Of the male heads of families resident on Islington and Congress streets fifty years ago, there now survive only John P. Lord, Samuel Lord, James F.Shores and Henry Goddard.

All the old occupants of the houses on these streets fifty years ago have passed away, and their places have been supplied by another generation, just then entering upon manhood.  He can now look upon these as men of three score and ten, -- but somehow they do not look as old men did to him fifty years ago. Among the old residents he might name Messrs. Akermans, Ham, Jackson, Fitzgerald, Halliburton, Barnes, Story, Fernald, H. S. Langdon, Hill, Folsom, Haven, Storer, Abbott, Sheafe, Parrott, J. Melcher, Treadwell, Dean, Cutter, Rogers, Bell, Dearborn, Lakeman, Brewster, Gerrish, Goddard, Rice, Webster, Clark, John Langdon 2d, N. Melcher, Sowersby, Call, Robinson, Bishop, Bartlett, McIntosh, Isaac Waldron, Wildes and others.  Only step for an hour into the shop of John Gaines, the watchmaker, where politics were always on the tapis, and you would meet the leading politicians of the day discussing the affairs of the nation.  They are now all gone.  In the shop next east of John Gains's might be seen John Somerby, apparently not five years older now than then, industriously engaged in upholstery.  Next comes the old Bell Tavern, where 'Squire Brown and Samuel Rea reappear, with Jacob Pritchard the barber, whose shop was in that tavern.  Daniel Lowd is sitting on the cellar casement in front, leaning on his staff -- and Supply Ham in the little shop behind his window of watches, as regular as a chronometer, and as reliable. Then George Ham might be seen in the old Billings house, with a magnifier held by his eyelids, and his sons Nathaniel and Daniel aiding him in regulating time.  Then the old Walker house, where Robert Metlin the baker lived, who probably knew nothing of saleratus, for he died in 1787 at the age of 115 years.  Then came the mansion where "Sally Allen" kept her millinery store -- and next the "fortunate" lottery office of G. W. Tuckerman, which afterwards became Peduzzi's confectionery.  There, too, is the ancient Court House on Market-Square, and the venerable North Church behind it.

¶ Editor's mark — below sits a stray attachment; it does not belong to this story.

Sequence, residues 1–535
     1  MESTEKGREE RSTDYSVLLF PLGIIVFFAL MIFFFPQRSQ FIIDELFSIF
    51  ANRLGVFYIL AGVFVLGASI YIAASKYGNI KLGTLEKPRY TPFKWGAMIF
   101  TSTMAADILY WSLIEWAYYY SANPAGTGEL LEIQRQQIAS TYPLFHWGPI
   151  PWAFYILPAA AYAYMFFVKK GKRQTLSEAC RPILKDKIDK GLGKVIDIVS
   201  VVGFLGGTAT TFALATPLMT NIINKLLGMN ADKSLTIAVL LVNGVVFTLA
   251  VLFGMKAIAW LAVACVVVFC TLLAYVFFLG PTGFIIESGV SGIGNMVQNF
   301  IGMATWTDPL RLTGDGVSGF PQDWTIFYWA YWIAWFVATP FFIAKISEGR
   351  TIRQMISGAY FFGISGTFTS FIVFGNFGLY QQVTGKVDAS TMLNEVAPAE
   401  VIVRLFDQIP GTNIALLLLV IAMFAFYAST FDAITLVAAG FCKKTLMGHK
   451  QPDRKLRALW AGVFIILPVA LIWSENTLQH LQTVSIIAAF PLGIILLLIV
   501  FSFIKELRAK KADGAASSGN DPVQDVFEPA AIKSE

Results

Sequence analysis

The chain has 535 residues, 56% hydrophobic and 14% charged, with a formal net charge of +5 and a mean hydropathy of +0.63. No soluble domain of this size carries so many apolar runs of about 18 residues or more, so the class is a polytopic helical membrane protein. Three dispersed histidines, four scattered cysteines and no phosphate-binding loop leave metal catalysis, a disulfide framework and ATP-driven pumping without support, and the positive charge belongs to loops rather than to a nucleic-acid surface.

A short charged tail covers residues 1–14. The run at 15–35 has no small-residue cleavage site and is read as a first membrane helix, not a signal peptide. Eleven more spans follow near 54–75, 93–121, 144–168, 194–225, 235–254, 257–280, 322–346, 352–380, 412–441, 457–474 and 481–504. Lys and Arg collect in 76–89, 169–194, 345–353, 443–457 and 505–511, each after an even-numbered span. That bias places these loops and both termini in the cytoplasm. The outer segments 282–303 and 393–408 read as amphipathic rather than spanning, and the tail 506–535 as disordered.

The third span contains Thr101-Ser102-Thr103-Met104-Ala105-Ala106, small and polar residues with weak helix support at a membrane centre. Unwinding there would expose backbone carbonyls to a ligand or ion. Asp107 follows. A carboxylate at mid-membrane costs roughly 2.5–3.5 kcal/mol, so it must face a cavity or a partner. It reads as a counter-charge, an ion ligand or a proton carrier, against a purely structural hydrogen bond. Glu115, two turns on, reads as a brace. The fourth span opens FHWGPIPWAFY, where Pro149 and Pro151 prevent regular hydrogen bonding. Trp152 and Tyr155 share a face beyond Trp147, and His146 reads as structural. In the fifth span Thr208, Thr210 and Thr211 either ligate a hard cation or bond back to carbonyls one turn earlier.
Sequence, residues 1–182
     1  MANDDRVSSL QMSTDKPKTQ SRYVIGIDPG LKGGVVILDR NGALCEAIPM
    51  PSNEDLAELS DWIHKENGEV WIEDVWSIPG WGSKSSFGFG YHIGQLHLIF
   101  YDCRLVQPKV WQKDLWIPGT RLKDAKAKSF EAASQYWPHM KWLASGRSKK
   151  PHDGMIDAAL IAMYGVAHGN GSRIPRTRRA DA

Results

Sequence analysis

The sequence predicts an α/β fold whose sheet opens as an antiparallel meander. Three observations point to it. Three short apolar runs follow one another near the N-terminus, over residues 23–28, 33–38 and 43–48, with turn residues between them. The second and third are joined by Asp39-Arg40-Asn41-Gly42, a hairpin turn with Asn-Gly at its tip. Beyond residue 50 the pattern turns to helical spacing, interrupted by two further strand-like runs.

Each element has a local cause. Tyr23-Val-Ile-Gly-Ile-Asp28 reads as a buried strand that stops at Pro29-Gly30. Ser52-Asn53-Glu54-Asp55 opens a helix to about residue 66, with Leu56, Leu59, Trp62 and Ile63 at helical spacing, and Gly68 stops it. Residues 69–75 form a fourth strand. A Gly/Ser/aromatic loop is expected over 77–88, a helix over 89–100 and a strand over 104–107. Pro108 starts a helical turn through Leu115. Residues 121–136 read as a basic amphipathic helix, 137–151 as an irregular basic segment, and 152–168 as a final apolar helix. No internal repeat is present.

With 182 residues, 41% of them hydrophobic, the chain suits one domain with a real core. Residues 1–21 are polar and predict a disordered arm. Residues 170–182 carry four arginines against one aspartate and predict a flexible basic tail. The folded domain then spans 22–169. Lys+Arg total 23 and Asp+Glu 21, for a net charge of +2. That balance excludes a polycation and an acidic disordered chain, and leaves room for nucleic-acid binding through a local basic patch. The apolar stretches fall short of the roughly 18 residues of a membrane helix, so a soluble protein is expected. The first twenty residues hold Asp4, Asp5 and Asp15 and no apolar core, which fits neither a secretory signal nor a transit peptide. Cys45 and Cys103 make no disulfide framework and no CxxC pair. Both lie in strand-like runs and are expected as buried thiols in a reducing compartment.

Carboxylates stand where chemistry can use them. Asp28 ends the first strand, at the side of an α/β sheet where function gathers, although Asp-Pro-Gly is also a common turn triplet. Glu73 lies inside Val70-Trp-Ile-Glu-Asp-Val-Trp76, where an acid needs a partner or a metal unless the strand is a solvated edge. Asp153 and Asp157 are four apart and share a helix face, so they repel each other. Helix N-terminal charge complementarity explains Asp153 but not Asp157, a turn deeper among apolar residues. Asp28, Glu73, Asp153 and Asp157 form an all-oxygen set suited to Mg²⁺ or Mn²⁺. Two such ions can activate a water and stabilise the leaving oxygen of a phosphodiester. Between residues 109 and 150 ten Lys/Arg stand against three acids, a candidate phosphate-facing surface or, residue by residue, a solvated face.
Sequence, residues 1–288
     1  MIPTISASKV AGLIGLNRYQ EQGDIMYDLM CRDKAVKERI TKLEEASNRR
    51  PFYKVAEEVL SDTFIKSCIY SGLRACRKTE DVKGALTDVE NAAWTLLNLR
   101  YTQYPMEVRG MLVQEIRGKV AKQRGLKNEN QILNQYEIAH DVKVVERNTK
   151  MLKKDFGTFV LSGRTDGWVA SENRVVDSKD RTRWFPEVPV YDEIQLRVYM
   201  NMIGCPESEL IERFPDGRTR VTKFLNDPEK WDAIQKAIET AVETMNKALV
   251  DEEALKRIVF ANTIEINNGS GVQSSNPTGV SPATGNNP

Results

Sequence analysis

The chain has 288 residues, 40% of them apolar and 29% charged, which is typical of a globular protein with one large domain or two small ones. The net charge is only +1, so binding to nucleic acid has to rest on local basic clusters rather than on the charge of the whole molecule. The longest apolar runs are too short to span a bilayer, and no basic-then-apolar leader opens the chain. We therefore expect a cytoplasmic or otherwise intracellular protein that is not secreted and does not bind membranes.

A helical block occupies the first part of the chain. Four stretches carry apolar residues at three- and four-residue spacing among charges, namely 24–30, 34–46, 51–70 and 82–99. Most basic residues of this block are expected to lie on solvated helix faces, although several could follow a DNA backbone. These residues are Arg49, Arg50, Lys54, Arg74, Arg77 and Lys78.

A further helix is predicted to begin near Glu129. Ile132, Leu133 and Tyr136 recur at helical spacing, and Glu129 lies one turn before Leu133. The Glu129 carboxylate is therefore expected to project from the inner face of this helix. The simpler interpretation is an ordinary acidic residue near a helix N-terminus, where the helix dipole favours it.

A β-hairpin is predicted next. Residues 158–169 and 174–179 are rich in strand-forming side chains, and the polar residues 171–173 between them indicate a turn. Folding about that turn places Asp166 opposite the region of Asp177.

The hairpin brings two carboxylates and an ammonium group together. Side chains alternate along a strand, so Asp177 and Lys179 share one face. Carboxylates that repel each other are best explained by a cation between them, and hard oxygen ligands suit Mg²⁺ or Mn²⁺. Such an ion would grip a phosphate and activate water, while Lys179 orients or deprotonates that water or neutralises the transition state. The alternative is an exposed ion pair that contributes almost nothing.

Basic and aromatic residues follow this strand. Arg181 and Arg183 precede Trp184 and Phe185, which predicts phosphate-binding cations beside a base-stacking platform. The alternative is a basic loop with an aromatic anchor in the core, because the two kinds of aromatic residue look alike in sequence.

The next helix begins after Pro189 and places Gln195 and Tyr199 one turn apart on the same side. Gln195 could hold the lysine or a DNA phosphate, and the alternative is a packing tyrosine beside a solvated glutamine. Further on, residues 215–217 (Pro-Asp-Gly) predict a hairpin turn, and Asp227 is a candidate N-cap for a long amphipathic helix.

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There are now in Portsmouth eight handsome Churches, and four Chapels, none of which, (except the Episcopal and Universalist Churches) were built in 1818.  The two latter were built in 1808.  One other large brick church on Pleasant street was built about forty years ago, and has been made into a dwelling house.  Fifty years ago the Unitarian Society occupied the Old South Church -- the Congregational Society the Old North, in neither of which the parishioners had confidence that the cold blasts of winter could be overcome by the heat of stoves -- and so only those who could endure with philosophic firmness the cold house for three hours on the Sabbath, were punctual in their attendance.  The ladies were generally provided with foot-stoves and moccasins -- gentlemen wore galoches -- India rubber shoes had not then been discovered.  The Methodist Society then occupied the building in the avenue on Vaughan street, now used as a stable.  The Freewill Baptists occupied what is now called the Temple.  The germs of what after became the Middle-street Baptist Church, were gathered in the church of the Independents on Court street, on the site of the present Unitarian Chapel.  The Sandemanian Society worshipped in the chamber of the brick school house on State street.  The Society is now extinct.  These were all the religious societies in Portsmouth fifty years ago.  The Brick School house readily designated a locality, for all the other school houses were old wooden buildings, better fit for pigs than for children.  Now we have seven brick school houses -- one of which cost more than all the school houses in Portsmouth fifty years ago.  Not one of the public school houses of 1818, except that on State street, now remain.

The only organ then, was that in St. John's Church.  There were no Sunday Schools, no Temperance meetings, no Lyceum lectures.  There was no Hearse in Portsmouth.  The bier might be seen in the entries of the churches, and the friends or neighbors of the deceased bore them to their graves.  There were no carriages used for funerals then -- nor was there an Auburn street or Harmony-Grove Cemetery.

Fifty years ago the present lower room of the Atheneum was an insurance office, and the chamber over it was St. John's Masonic Hall.  The Atheneum was just incorporated, and its five hundred volumes were on shelves in the room over John H. Bailey's store on Congress street.  There were then no bridges to connect Portsmouth with Maine, or with Newcastle, or with Rye over Sagamore creek.  Lafayette road was not then opened, and Rye Beach was less thought of as a place of resort than Newington -- Piscataqua Bridge being then the great place of attraction to parties of pleasure.  The Assembly House at what is now Raitt's Court, was then the only place in town for public exhibitions and balls.

Fifty years ago, an old dilapidated building on the present site of the Court House, was the "Work House," as it was called.  In it was "Union Hall," where the Selectmen held their meetings, and enjoyed an annual supper.  That noble brick edifice which now stands on the City Farm well supplies its place.  The Stone Jail has been built in that time, and within fifty years the iron staples have been taken from the top of the corner of the fence in front of the jail, to which we have seen the hands of many a culprit fastened, while his bare back received the cat-o-nine tails, every blow leaving a ridge, while the cries for mercy rent the air.  It is but a few years more than half a century that these scenes were witnessed at the close of almost every term of the County Courts.  And we have seen also the branding process, when the horse thief was pinioned down on the broad stone at the west door of the jail, and with a cork filled with needles, India ink was pricked in over his forehead and down his nose, to form the letter T.  The erection of our State
Prison happily terminated these legal barbarities.